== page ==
Colchester-based Army medics, buoyed by their experience of serving on a United Nations peacekeeping mission in South Sudan in 2017, are now readying themselves for their next challenge.
23 Medical Squadron, 16 Medical Regiment deployed to South Sudan from May until September 2017 to establish a temporary hospital at Bentiu. It provides medical care for 1,800 peacekeepers and staff of the United Nations Mission in South Sudan (UNMISS), with a more permanent field hospital being built by the Royal Engineers to replace it.
On their return, the medics replaced their light blue UN berets with the maroon berets of 16 Air Assault Brigade to get ready to be able to deploy at short notice anywhere in the world as part of the Air Assault Task Force (AATF) – the British Army’s rapid reaction force.
Training at Rock Barracks in Woodbridge this week saw 23 Med Sqn’s personnel and lightweight and air-deployable Role 2 Basic medical treatment facility tested to the limits to confirm its readiness for global operations.
In South Sudan we were busy treating a lot of minor injury and illness cases Sgt Hannah Dransfield
Major Seb Burn, Officer Commanding 23 Med Sqn, said: “Before we take on a high readiness role in March, it is important that we test ourselves thoroughly to ensure that our clinical processes and the military wrap surrounding that is working well. Our challenge is to be able to deploy at short notice anywhere in the world to deliver lifesaving care to casualties at the level expected in an NHS hospital.
“I took command of the Squadron on their return from South Sudan and found that everyone had brought back a lot of maturity and the confidence of proven skills. We’re in a great position for whatever we’re asked to do next.”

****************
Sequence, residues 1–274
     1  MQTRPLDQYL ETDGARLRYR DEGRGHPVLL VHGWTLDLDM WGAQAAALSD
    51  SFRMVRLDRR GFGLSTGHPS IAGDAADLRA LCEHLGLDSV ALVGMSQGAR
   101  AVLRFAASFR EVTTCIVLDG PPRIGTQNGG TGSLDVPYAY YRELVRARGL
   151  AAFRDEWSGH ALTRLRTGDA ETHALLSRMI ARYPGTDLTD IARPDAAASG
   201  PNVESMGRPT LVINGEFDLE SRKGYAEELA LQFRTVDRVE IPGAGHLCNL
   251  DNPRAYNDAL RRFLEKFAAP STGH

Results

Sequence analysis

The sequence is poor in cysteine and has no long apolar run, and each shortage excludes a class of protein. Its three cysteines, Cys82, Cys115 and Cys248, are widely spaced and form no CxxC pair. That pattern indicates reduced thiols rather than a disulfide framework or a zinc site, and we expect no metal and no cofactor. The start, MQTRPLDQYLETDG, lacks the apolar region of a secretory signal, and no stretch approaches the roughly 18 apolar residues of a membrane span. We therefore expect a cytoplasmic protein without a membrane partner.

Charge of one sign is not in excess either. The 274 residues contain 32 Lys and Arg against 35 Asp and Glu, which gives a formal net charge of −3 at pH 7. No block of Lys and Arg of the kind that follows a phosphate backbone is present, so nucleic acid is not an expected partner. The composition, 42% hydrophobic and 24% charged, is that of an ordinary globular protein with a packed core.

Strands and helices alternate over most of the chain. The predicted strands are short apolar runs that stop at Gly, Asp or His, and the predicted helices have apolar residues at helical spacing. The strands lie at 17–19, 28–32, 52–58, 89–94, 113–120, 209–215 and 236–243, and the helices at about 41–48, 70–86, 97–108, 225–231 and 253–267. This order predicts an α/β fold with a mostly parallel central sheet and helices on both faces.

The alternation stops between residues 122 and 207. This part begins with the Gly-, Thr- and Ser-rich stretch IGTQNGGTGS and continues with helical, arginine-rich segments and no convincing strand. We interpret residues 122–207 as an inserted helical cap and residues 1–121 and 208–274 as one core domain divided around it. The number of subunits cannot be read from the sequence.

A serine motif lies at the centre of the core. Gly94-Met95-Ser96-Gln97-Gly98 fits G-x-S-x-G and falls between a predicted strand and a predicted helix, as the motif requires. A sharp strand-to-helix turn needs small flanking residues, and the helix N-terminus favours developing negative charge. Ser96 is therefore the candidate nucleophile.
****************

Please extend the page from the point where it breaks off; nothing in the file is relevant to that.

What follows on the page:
The R2B facility tested on Exercise Pegasus Serpent includes a resuscitation suite, operating theatre, intensive care beds and a holding ward, as well as a lab, X-ray machines and primary healthcare facilities.
Emergency care nurse Sergeant Hannah Dransfield said: “In South Sudan we were busy treating a lot of minor injury and illness cases, rather than the major trauma patients we were treating in Afghanistan. We’ve trained and worked together for the last year, and shown that we’ve got the skills between us to be capable of doing whatever a future deployment might require.”
Operating department practitioner Sergeant Bruce Francis said: “South Sudan was a tough environment, with temperatures up to 50C, and we faced a lot of logistical challenges to keep a busy hospital open. Now, it’s -2C at Woodbridge and we’re going back to our basic role of developing the agility to deploy at short notice and rapidly provide medical care.
“What I’ve learnt from the last year is that I need to be adaptable and robust enough to work in any conditions and have the open-mindedness to accept whatever patient turns up at our door.”